Tuesday, April 10, 2012

A Letter From A Retiring Colleague

So as is our policy, we publish on behalf of the faculty. Any faculty member is free is request publication.

Dear Colleague,

This is George Williams, a Lecturer in the English Department. I currently teach online, have been employed at CSU for the past 25 years, and have been an active member in a number of university committees.

I have been a member of the union contract negotiating team for the past three negotiated contracts, and I am deeply concerned over the recent negotiations and contract settlement. As a result I am asking you to support Dr. “Pancho” McFarland in the upcoming union elections for chapter president. I believe the CSU union needs a change of leadership and “Pancho” with his background in Sociology and labor activism presents a welcome change.

The union negotiating team consisted of six members: Ms. Jamie Daniel (union negotiater), Dr. Laurie Walter, Dr. Gabriel Gomez, Dr. Beverly Meyer, Ms. Romona Raymond, and myself. The team met for a year with CSU administration’s team led by Dr. Patrick Cage. A major negotiating issue was integrating the College of Pharmacy in the existing contract. Suddenly, however, the union negotiating team was excluded from the final 4 negotiation sessions during which Laurie Walter and Ellie Sullivan met with Dr. Watson at his request. Results of those sessions were post-tenure review, a nominal salary increase, and a 5 year contract.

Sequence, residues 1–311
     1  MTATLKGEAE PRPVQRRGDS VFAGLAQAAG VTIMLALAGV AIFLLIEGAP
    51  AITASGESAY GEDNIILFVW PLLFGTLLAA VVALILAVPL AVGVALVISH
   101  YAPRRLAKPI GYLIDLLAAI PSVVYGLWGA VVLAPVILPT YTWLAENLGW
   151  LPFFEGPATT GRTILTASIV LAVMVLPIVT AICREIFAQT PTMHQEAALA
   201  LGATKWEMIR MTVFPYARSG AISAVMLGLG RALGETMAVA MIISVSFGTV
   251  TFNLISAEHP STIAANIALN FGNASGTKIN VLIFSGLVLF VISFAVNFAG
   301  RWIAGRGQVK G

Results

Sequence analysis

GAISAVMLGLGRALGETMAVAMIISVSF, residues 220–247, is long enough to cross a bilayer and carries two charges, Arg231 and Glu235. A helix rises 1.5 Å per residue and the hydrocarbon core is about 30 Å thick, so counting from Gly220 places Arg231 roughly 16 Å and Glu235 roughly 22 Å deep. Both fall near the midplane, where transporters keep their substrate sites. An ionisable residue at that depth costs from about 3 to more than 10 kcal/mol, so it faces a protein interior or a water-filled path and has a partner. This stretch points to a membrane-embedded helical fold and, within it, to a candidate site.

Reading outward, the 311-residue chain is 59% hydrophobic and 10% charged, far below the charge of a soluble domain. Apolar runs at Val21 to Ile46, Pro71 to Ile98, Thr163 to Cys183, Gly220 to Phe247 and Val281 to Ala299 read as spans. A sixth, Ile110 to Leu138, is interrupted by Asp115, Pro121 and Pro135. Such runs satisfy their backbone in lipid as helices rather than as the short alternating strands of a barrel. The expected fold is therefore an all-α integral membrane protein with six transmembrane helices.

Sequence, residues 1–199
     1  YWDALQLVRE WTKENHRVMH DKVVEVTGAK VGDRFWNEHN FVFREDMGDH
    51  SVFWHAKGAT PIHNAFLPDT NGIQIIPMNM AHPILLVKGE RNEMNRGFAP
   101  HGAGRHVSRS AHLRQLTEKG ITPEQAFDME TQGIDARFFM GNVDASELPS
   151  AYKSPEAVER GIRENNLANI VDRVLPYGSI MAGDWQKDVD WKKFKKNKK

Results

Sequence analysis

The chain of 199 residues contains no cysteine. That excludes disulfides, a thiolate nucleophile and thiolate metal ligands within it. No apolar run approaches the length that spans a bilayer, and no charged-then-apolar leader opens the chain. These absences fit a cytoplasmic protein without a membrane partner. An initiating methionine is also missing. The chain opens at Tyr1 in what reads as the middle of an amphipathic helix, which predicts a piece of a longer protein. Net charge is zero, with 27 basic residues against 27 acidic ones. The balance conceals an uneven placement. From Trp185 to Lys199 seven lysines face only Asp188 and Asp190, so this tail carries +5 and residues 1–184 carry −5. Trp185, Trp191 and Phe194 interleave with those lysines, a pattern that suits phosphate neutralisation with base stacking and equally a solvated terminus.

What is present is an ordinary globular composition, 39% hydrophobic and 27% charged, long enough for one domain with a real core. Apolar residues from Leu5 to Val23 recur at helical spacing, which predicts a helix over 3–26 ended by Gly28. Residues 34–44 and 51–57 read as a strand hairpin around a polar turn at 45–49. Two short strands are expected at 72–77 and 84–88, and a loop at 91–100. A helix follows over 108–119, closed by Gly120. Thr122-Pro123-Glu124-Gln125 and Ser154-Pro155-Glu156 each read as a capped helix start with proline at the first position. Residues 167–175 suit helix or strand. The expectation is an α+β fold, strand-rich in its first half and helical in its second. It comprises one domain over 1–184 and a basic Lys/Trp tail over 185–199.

Such sessions, I believe, were poor form and resulted in a contract that was rushed through membership approval without allowing membership adequate time for analysis. Also, items that had been on the table failed to appear in the final contract.

Additionally, Dr. Walter has refused to participate in a Q & A or debate session with her rival for the chapter presidency.

I believe a change to a pro-active leadership is necessary. Witness the latest fiasco concerning the CSU computer usage policy. 

On Wednesday, January 4, faculty received an email from Administration informing us that we had to sign a certification.
Our chapter president 6 days later, on Thursday, January 12, sent us an email informing us that she had sent the “powers-that-be a demand to bargain this change in working conditions”.
Then on Thursday, January 26, we received an email from the union president saying “Members who have not yet signed [the Computer Usage Policy certification] should do so, adding ‘I am signing this policy under protest.’”